But I wonder what your thoughts are on

Have you looked at kind of the math of replacing all of our kind of dirty electricity production with renewable energy and what the carbon footprint of that, you know, and what we need to use in terms of dirty energy to replace all of that.

I mean, can we still hit, you know, even two degrees Celsius if we

Completely replaced the grids in countries like the US with renewable energy.

I wonder if you've come across any of this kind of math.

SPEAKER 2: Silas Mähner

I'm really bad at math in the first place, so definitely not my thing.

But I will say one of my good LinkedIn posts had math in it, so maybe I should do that math more.

But the point is, I don't know, I think

I think it's very difficult.

There's probably some much more qualified people to answer that question.

I haven't seen anything in particular around it.

But what I did have somebody recently mentioned to me that I thought was interesting was the time value of carbon.

Obviously, it's better to reduce carbon now than later because it's worse now, right?

So it's more expensive.

We can put more money into it now.

That's the only thing I've heard on that topic, but I don't, again, not an expert when it comes to the math stuff.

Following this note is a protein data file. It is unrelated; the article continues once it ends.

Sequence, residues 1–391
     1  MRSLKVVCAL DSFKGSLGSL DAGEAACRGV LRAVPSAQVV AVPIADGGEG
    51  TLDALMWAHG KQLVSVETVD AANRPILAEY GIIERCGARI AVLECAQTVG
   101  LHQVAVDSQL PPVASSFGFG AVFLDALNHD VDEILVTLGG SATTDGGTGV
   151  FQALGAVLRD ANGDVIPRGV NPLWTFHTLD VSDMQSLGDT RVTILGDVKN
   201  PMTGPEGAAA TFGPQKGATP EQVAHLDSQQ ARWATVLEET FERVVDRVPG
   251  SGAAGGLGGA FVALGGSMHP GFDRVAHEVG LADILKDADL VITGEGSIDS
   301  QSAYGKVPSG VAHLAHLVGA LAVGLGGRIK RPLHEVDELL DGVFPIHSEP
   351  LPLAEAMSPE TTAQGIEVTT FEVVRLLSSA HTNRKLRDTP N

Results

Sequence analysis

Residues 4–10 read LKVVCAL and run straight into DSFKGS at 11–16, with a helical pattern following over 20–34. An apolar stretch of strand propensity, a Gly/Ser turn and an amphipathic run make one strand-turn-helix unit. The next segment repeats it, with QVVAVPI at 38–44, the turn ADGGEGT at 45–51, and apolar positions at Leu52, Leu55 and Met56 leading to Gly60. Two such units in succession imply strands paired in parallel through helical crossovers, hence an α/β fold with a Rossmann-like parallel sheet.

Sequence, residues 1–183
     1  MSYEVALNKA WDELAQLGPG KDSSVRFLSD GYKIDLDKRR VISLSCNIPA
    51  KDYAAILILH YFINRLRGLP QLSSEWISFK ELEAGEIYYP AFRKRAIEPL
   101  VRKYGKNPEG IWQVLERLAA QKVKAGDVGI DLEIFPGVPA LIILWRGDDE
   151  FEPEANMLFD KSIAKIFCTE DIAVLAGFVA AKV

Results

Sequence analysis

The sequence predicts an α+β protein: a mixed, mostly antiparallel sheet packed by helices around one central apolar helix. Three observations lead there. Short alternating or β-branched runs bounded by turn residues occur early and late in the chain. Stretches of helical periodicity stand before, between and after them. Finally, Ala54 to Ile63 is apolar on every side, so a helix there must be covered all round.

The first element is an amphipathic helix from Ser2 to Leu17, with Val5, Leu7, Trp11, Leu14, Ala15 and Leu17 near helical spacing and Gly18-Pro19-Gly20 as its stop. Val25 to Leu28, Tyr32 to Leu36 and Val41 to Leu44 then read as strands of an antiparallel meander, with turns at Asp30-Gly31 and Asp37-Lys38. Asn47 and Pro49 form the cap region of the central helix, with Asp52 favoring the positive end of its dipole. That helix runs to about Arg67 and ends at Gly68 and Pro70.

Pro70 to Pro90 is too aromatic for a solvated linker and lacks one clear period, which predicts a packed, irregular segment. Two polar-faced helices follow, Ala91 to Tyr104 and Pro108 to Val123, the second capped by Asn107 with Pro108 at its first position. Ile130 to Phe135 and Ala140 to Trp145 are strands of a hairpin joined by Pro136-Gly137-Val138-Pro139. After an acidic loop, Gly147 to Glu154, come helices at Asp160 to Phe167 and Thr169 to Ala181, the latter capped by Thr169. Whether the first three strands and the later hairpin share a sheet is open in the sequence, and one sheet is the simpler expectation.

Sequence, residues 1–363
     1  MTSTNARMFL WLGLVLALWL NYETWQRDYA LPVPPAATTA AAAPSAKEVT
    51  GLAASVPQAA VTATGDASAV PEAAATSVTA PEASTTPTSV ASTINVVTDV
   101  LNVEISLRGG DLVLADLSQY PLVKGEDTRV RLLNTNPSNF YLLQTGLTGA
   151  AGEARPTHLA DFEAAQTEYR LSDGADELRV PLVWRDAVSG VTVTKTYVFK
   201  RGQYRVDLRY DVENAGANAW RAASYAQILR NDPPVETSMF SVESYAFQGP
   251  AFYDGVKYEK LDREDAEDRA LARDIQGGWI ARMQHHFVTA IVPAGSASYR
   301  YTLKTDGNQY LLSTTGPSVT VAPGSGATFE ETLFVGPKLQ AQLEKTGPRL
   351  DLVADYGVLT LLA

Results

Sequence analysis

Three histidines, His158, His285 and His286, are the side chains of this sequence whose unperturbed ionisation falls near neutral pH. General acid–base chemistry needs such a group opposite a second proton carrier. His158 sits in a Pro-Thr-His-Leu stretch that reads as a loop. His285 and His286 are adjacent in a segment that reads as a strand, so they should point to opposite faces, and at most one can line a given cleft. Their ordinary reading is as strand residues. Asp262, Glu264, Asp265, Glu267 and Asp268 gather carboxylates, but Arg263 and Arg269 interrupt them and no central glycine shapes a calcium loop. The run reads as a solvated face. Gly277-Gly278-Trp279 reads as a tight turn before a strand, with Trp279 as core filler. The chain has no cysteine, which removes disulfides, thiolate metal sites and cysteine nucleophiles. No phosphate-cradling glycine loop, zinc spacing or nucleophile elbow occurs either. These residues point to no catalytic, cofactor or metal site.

So maybe Somil's got an answer for us.

So how many episodes have you guys done so far with the podcast?

We've got, released as of this recording, 132.


SPEAKER 1: Ryan Grant Little


Let me ask you, so are you more bullish on solving the climate crisis now or before you started the podcast?

SPEAKER 2: Silas Mähner

I don't think it's changed much.

I'm extremely optimistic.

Generally speaking, I would say maybe more because there's a lot of people who seem to be

figuring out the hard stuff right so until I really feel that genuinely until earlier this spring nobody was talking about systematizing how to really build hardware startups because we got to the point where we were able to do it with solar right solar is a hardware thing and it was work it worked partially because of subsidies in the beginning and then the costs came down and everything but

I don't think people really use it as a blueprint too much.

And when we talked to Keyframe, I think that was in April.

Keyframe was the first people, were the first people that I heard of kind of pairing this project financing and debt with venture funding, with equity funding.

And then we kind of fast forward to Climate Week and Third Sphere.

We just, that episode will be out by now with Sean.

did an amazing presentation on the, they call it the escalator of impact, I believe, right, where they kind of broke down all the different capital structures to use.